The machinations and refinery of academia can sometimes be overwhelming. This can provoke a paralysis of analysis, but perhaps in a slightly earlier phase than the term’s application to, for example, public policy debate. A strategy, the success of which remains to be seen, is to attempt to engage in other activities alongside that of the PhD life and to use them to help to crash through the self imposed barriers to analytic clarity and academic conclusion. Continue reading
The connection between art and the academy and the conundrum of how to make research more creative continues to flit around my desk like an insistent butterfly. It looks like it would be very pretty if only it would sit still for long enough.
Fine artists seem to have a lot of latitude in their practice. It wouldn’t do to put a restraining pin through the middle but it doesn’t hurt to take a bit of a closer look. Last time I looked at this I managed to turn it on it’s head: how to make my previous artworks more academic. It’s a good starting point.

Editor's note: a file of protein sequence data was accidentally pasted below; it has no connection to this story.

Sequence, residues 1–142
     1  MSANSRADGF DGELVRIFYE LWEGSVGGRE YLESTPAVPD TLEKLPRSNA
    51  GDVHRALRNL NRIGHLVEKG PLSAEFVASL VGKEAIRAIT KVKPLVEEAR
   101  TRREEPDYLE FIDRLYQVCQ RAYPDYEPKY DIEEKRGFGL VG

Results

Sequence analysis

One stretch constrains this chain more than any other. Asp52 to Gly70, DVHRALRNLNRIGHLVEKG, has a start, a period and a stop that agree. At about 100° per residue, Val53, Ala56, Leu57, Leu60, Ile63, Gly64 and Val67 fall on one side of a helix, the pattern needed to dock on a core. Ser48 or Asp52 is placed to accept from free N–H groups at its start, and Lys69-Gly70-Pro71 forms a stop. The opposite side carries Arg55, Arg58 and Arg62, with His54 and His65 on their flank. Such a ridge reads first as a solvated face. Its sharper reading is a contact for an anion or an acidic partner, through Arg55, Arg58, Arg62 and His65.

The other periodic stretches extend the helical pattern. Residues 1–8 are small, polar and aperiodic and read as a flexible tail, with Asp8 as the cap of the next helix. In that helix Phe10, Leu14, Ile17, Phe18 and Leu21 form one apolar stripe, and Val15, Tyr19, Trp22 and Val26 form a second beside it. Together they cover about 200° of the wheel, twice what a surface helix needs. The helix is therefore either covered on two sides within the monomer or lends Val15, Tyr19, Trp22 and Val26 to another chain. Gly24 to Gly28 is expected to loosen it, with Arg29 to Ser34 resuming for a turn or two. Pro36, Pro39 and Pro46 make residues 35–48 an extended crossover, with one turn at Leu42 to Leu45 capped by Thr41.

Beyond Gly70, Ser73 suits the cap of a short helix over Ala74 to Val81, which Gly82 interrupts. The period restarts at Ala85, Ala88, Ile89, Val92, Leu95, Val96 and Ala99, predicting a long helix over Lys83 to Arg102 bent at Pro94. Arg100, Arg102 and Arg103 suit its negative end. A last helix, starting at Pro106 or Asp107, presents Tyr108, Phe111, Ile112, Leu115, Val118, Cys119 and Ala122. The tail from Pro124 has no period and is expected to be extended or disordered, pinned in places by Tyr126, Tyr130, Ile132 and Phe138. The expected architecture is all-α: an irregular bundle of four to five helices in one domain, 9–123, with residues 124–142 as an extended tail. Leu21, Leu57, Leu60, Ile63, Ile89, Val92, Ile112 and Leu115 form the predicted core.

Academics are interested in the dissemination of research outcomes – it’s one of the measures that is used to assess their (institutional) income. And social scientists (probably all academics but I’ve been hanging out with the Geographers) are increasingly interested in creating visual artefacts as a method of dissemination. They’re also interested in the analysis of visual artefacts as a method. The presence of the same words in the two previous sentences allowed me to, quite lazily, conflate these two concepts whereas, somewhere along one of my many roads to many Damascii, I came to realise that obviously the two concepts are almost the opposite of each other.